Thursday, July 08, 2010

TERRORISM AND GANDHIAN NON-VIOLENCE

Asghar Ali Engineer

The extreme violence the world isexperiencing in 21st century is of bit different type – what world nowcalls it terrorist violence in the post-9/11 situation. In a way violenceis violence by whatever name we call it. Wars until twentieth century wererepresentative of aggressive invasions by some countries against theother, or some nations against other nations. However, terrorist violencehas two characteristics: one, it is not frontal war (but not guerilla wareither) and two, it is more of a reactive violence. Recent terroristicattacks by Naxalites or Maoists, whatever we choose to call them, are ofthe intensity which have disturbed the whole country. Also, the brutalitywith which jihadis in Pakistan are killing are highly disturbing as well.The attack last Friday i.e. on 28th May on Ahmedi Mosques in Lahorekilling 70 persons who were prayinginside the two mosques shook the conscience of humanity.

India producedapostle of non-violence in the person of Gandhi in the last century andhe liberated India from clutches of British colonialism throughnon-violent means. Many people begin to raise question in the face ofsuch terroristic attacks on innocent civilians as to the relevance ofGandhiji’s non-violence in our era. Has Gandhi become irrelevant? Is hefit only for paying rich tributes on his birth day or day of martyrdom,and nothing else? It is for Gandhian philosophers to answer thesequestions. Are those who proclaim themselves to be Gandhians, take Gandhiand his philosophy seriously? Or Gandhism has also become a sort ofreligion with certain rituals and priesthood with certain ashrams andproperties thrown in? Where are active Gandhians?

Gandhi was not merephilosopher of non-violence but an active practitioner who made it a wayof life. When I was visiting Gujarat duringeighties when frequent caste and communal violence was taking place I didnot find a single Gandhian in Ahmedabad (which has Sabarmati Ashram) whocould dare communalists or even undertake an indefinite fast (as mostpowerful tool Gandhi employed to fight communal violence) to stopcommunal frenzy. In fact during 2002 those in charge of Sabarmati Ashramdid not allow a peace meeting to be held on their premises by peaceactivists like Medha Patkar and others fearing state government may stoptheir grant. How such Gandhians who care for state grant can everpractice ideals of Gandhian philosophy based on the concept of humanbehavior purged of all vested interests.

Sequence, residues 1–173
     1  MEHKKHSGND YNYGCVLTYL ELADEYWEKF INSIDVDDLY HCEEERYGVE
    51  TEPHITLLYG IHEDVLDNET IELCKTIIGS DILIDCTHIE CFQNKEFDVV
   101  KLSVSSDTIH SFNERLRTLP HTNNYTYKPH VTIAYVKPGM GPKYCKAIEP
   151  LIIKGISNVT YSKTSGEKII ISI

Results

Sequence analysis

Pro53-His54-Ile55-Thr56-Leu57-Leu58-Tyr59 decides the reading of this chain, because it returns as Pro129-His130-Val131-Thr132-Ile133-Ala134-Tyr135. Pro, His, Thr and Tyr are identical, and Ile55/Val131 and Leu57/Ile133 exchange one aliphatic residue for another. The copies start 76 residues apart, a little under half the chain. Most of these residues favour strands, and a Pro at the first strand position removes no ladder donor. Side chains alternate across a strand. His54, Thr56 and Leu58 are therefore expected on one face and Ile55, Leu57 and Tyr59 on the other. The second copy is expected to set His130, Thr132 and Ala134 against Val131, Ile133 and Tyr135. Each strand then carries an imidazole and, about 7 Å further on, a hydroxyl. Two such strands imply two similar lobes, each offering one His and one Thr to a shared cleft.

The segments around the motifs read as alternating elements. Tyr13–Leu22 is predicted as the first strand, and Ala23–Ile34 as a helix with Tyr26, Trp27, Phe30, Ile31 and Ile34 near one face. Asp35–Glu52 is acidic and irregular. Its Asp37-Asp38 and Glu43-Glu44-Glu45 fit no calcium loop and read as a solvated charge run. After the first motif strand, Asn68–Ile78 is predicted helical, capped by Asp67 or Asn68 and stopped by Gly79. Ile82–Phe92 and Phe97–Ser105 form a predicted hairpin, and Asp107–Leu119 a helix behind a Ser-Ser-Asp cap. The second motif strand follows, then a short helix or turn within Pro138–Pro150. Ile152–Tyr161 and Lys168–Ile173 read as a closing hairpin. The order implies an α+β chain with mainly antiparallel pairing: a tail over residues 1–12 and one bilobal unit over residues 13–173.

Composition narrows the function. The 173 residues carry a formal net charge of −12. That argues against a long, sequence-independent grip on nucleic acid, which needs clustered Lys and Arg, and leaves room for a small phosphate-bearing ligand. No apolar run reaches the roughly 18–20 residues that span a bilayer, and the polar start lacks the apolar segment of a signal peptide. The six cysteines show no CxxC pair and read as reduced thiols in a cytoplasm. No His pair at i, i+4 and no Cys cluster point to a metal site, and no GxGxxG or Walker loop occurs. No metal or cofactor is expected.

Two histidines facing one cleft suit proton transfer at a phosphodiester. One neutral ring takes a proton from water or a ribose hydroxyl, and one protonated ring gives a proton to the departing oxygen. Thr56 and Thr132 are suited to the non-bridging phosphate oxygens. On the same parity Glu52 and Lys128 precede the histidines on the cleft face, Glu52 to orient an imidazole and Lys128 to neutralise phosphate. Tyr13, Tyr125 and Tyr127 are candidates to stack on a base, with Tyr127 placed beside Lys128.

Let us first understand crucialelements of Gandhian philosophy of non-violence. Gandhiji always spokeof Satyagraha and Ahimsa i.e. insistence on truth and non-violence.Both concepts are integral to each other. No non-violence is possiblewithout truth and no truth is possible withoutnon-violence either. Also, we often say God is truth but Gandhijireversed this and said Truth is God. Why truth and non-violence areintegral to each other is because truth has to be non-coercive and basedon deeper conviction. An element of coercion would contaminate truth.Violence, on the other hand, is highest degree of coercion and is used tomake people believe what they do not want to believe and accept what theydo not want to accept. Thus violence and truth are totally opposed toeach other. Non-violence, on the other hand, guarantees freedom ofconscience and people are free to base their behavior on their deeperconviction. Self interests would also contaminate truth and lead tounauthentic behavior and hence violence. Thus a non-violent behaviorshould have following attributes: 1) It must be based on genuineconviction; 2) it should be truthful and 3) it should be based on freedomof conscience. Any behavior lacking these attributes islikely to lead to violence. It is also important to understand that byviolence we should not only mean physical violence. Violence can besubdivided into three categories: 1) physical violence leading to injuryor death; 2) violence by words and 3) violence of ethical norms andfundamental values. Physical violence could be either individual or ofnations and communities; similarly violence by words also can implyindividual or group or entire nation and of course violation of normscould be cultural norms of a civilizational group or those of anindividual. Another important dimension is that behavior such as this ispossible only if an individual or a collectivity (a group, nation orreligious or cultural community) is possible only when one is constantcommunication with ones inner self and is very well conscious ofonesownethical norms and civilizational values. Such a communication is sin quanon of authentic behavior. Interestingly anAmerican Jesuit and a Gandhian John Merton describes such a communicationas ‘encounter with solitude’. One can deeply reflect and have encounterwith ones self only when one communicates with oneself in completesolitude unaffected by what goes on out there and totally concentrates onwhat is inside ones own authentic self. That is why all Rishis, saintsand prophets never neglected this deep reflection and communication withones own self and thus discovered truth. Of course this authenticcommunication with self can be sub-divided into two categories: 1) onewho does itfor self knowledge and does or does not want to communicatewith the world outside him or her and 2) one who not onlywants tocommunicate with the world at large but also wants to transform theworld. Many prophets and Gandhi himself in our own time falls into secondcategory. Gandhi was primarily an activist and was not only in search oftruth but also wanted to see truth inaction. For such people justice and freedom not only of the self but ofthe entire people or nation become central.Such people not onlytransform themselves but know that individual transformation would meannothing without transforming the world around them. This is what Gandhijiset about to do both in South Africa and in India when he returned to hisown country. Thus from above discussion we can conclude that for anon-violent world following conditions must be fulfilled: 1) the worldorder has to be based on truthfulness and justice and 2) non-coercive andgenuine convictions and freedom of self or of nations and communities.Since today our world lacks all this violence has become all pervasivearound us either aggressive violence of one country or nation againstanother country or nation or reactive violence of resistance groups,freedom fighters or even of terrorists.